I was also impressed by the author's choice of using her own words in certain situations where others would just have slotted in the original text. This again added to the freshness, as while the scenario might have been familiar, there was a new edge to it, which merged nicely with the overall writing style.

A very enjoyable read.
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on 29 March 2013
Kara Louise is very good at creating different stories and sets that are not in P&P, and this book is another example.
The story line is completely different from P&P.
After her father's death, Elizabeth becomes a governess of a family acquainted with the Darcy's. The plot goes from that and it is very interesting, captivating and well written.
The characters are the very similar to the ones Austen created, so we fall in love with the same Mr. Darcy and still feel we are reading about the same Lizzy Bennet. What I love about Kara Louise's books is that we can actually see an Elizabeth Bennet truly in love with Mr. Darcy and wanting him to want her. This happens once more in this book and is simply delightful!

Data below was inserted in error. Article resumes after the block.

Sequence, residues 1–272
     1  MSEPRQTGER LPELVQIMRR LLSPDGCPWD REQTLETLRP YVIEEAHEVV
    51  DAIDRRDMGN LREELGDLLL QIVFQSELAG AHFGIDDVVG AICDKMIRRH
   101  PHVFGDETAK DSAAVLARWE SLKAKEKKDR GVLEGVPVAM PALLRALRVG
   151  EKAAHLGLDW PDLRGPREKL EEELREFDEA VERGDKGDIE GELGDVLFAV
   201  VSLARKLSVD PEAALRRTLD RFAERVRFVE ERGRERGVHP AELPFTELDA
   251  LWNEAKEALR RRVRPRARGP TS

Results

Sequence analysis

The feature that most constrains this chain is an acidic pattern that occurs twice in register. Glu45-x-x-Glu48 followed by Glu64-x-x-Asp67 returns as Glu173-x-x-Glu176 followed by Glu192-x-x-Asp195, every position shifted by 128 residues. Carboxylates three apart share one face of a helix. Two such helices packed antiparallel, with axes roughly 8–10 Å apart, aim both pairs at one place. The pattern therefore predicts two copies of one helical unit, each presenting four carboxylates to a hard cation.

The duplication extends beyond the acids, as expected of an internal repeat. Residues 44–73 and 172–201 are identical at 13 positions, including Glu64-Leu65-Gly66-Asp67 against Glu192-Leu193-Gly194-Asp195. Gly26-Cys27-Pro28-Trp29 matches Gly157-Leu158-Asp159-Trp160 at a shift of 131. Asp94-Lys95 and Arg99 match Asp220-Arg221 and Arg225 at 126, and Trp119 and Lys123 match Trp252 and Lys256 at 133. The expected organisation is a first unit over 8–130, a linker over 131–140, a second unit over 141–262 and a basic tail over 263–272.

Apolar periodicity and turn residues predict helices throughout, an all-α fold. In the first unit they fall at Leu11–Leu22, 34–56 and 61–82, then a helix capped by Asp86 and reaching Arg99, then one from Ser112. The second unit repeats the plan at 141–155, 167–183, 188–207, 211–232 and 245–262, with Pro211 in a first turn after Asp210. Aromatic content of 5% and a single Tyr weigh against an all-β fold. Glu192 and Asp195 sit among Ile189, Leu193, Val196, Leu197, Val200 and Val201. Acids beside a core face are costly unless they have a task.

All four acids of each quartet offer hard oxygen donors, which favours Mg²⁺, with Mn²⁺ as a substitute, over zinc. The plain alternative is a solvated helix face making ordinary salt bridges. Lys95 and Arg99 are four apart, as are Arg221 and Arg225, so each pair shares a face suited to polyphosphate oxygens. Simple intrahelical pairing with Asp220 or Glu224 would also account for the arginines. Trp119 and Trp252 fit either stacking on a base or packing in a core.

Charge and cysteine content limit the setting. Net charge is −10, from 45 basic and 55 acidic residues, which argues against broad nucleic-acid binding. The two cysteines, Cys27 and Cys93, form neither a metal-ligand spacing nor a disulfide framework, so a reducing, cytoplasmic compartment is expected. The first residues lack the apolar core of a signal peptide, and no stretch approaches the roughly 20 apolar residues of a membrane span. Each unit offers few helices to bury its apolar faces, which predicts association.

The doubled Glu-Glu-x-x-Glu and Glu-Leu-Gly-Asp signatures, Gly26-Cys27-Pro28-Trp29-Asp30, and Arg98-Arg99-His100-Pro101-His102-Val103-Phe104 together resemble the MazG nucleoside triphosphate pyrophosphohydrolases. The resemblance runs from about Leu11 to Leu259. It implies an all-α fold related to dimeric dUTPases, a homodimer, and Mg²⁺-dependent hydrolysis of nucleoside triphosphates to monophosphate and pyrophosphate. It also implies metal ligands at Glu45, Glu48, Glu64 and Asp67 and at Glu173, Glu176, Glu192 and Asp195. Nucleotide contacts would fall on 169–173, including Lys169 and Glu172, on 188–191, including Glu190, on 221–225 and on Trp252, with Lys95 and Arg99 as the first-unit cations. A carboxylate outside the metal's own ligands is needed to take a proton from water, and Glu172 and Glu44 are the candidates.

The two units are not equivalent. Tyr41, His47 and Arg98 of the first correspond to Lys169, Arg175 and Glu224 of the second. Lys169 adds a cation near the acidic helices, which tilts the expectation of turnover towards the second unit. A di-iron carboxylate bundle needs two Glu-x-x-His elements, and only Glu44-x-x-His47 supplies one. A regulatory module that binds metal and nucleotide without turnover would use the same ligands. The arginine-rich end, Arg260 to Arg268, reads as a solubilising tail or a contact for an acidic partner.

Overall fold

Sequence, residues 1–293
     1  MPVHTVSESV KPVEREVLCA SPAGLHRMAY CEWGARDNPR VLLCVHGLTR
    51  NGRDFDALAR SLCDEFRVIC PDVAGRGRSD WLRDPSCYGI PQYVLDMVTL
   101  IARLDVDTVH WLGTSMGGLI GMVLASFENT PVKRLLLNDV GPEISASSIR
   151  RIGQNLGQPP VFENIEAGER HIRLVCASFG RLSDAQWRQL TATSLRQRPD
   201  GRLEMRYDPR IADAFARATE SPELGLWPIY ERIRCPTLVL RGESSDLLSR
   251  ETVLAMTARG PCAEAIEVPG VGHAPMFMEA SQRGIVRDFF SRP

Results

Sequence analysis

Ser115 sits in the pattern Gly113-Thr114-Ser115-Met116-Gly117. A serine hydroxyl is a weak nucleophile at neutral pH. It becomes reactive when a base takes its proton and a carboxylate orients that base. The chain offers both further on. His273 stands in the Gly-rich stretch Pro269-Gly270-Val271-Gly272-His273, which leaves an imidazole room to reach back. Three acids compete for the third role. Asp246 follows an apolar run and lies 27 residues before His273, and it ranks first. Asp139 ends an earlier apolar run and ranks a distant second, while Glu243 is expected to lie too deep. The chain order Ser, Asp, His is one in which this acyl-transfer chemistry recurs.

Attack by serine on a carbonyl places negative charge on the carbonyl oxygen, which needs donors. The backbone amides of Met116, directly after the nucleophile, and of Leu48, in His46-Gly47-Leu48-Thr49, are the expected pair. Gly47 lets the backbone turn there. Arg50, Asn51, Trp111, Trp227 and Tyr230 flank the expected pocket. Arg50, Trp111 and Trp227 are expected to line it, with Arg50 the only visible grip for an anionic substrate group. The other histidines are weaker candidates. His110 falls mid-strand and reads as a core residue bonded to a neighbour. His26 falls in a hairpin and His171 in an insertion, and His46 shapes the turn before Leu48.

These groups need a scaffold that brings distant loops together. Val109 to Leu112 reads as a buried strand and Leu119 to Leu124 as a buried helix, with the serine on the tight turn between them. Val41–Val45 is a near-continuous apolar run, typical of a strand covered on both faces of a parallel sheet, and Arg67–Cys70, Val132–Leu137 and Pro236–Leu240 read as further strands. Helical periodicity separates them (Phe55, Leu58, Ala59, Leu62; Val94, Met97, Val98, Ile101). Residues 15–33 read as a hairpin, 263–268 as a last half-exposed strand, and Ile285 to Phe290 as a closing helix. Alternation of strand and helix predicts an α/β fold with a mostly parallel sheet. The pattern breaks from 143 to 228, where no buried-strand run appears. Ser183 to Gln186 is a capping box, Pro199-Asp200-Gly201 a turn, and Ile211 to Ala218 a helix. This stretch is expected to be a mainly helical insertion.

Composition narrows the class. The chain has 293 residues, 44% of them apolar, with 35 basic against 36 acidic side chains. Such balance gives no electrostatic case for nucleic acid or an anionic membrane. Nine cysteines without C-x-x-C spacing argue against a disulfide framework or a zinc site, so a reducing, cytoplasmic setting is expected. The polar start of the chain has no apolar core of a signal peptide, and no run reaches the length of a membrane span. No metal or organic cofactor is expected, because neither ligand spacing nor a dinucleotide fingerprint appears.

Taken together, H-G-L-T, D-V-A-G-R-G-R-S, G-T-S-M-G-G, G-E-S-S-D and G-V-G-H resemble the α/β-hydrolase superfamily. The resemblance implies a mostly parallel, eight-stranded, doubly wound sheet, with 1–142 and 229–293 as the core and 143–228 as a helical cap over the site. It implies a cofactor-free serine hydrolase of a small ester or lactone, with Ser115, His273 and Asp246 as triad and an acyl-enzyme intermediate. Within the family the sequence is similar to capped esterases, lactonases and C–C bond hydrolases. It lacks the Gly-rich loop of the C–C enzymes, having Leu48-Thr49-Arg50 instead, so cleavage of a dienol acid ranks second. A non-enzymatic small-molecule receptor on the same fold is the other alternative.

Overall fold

I really enjoyed this book and I believe most readers will to.
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on 15 June 2014
It's a great story in which Elizabeth becomes a governess but the aunt of her charge fancies none other than a certain tall gentleman from Derbyshire.
Very nicely written and loads of excitement. For once Elizabeth falls for Mr Darcy quite soon but she doesn't lose her spirit or sparkle either.
Definitely worth a read and I look forward to more from this author.
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on 21 December 2012
This has been well written and is witty and enjoyable. An interesting variation on how Mr Darcy would cope coming across Elizabeth again in a different social way now that her father has died and she is now a governess. He surprises Elizabeth and the reader at every turn. Highly recommended.